There are a lot of misconceptions about supplements.
Perhaps the biggest misconception is that you don’t need supplements “when you eat healthy”.
Unfortunately, that’s not true.
Even if you eat healthy, it’s very difficult to consume sufficient levels of important nutrients to achieve your optimal lifespan potential.
Let us explain why.
Even a healthy diet is often not sufficient
Take magnesium for example. Even if you eat a healthy diet, it’s very difficult to get sufficient amounts of magnesium, which would ideally come down to around 400-500 mg per day. You would really have to eat A LOT of vegetables, nuts and legumes to reach that high amount of magnesium.
The same for potassium, an important mineral of which you ideally need several grams per day.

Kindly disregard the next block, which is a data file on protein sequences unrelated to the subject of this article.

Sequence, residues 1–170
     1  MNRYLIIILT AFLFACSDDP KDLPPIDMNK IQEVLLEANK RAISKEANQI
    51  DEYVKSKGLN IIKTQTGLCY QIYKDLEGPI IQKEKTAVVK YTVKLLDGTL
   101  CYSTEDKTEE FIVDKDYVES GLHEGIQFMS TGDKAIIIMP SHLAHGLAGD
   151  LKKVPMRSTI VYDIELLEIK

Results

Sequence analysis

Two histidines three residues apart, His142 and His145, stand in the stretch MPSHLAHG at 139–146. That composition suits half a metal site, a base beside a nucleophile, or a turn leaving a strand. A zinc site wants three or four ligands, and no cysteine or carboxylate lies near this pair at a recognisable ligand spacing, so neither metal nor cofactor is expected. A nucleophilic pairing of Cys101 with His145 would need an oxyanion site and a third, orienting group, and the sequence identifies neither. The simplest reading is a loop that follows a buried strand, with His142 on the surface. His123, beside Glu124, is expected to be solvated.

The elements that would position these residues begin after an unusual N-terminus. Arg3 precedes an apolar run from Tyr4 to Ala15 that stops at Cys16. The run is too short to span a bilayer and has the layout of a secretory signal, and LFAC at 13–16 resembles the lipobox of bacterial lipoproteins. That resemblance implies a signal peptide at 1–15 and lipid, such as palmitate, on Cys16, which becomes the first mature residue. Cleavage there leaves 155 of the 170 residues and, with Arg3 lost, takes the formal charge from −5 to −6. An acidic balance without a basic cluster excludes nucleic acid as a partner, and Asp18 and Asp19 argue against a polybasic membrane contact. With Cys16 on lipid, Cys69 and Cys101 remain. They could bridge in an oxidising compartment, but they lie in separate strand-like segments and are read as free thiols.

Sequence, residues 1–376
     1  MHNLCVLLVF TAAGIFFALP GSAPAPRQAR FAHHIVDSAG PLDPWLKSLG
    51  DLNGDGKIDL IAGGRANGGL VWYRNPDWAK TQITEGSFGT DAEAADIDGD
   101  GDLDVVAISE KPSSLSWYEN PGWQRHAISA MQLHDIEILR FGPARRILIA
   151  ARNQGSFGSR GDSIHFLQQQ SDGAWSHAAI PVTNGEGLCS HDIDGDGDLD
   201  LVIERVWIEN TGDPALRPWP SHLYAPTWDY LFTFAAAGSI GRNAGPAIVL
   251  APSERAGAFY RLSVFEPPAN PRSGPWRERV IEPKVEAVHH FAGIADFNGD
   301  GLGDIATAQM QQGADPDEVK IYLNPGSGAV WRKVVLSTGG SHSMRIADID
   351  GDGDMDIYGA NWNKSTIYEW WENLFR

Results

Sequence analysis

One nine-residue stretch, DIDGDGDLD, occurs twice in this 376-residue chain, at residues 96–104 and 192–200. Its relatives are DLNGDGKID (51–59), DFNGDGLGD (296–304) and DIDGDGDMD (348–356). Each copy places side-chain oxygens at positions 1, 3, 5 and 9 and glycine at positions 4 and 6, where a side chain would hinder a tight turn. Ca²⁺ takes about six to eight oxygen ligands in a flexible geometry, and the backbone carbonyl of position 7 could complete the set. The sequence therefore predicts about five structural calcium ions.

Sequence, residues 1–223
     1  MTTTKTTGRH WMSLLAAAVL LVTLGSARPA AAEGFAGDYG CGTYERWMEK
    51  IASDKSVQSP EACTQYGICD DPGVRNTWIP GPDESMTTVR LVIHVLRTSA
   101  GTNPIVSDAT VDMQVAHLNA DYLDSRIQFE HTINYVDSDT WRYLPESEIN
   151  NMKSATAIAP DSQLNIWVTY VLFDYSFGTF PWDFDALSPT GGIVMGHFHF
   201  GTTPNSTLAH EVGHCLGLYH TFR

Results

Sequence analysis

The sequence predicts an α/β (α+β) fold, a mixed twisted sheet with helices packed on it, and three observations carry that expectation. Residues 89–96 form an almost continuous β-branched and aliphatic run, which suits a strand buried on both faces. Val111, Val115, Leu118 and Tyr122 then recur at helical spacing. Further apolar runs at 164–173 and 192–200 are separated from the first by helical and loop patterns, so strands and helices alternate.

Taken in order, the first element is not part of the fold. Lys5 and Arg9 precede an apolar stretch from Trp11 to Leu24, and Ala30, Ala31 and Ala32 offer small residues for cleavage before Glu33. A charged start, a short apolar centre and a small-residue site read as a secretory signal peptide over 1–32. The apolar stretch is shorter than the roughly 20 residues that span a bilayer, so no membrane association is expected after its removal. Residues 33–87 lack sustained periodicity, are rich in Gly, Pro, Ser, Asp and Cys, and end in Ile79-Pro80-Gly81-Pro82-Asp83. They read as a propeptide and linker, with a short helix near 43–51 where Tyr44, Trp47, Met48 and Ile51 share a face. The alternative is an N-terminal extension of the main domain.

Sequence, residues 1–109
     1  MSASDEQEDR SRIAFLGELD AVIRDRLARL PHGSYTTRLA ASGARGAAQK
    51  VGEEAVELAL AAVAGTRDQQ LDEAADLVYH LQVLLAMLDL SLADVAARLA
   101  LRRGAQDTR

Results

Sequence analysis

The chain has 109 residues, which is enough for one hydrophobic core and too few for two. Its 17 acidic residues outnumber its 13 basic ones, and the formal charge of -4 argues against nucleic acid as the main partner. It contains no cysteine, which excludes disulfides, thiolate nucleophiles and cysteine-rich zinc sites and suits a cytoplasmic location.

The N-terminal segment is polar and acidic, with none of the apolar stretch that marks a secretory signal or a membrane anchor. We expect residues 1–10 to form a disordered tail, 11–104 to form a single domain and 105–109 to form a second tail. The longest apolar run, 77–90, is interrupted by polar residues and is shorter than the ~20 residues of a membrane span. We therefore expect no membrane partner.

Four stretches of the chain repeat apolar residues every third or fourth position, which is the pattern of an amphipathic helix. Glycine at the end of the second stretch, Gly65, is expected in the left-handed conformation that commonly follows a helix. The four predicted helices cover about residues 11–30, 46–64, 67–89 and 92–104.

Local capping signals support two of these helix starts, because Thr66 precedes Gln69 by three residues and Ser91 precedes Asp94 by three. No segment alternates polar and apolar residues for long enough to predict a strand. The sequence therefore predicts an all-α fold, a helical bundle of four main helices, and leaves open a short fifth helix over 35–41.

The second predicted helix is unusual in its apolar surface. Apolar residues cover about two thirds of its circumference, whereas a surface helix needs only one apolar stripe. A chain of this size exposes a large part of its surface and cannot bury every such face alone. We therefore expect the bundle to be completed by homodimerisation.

Or take iodine, which is found in very, very small quantities in most foods. Unless you eat seaweed regularly (seaweed contains lots of iodine). Yes, iodized salt also contains iodine, but most packaged foods don’t use iodized salt, and iodine begins evaporating from iodized salt after the package has been opened. If you use sea salt, it does not contain any iodine.
Vitamin D is another example. Even if you eat a healthy diet it’s almost impossible to get enough vitamin D via your food. Vitamin D is found in only very low amounts in foods (mushrooms or salmon contain a tiny bit of vitamin D).
But can’t you get your vitamin D from the sun? Most people in Western countries reside too far from the equator, making the sunlight too weak to form enough vitamin D, even in the summer. Also, when the skin is covered by clothing, or as a result of aging, the skin is unable to use sunlight to produce sufficient amounts of vitamin D.
So as you can see, in most cases even a healthy diet does not provide sufficient levels of vitamins, minerals and other micronutrients.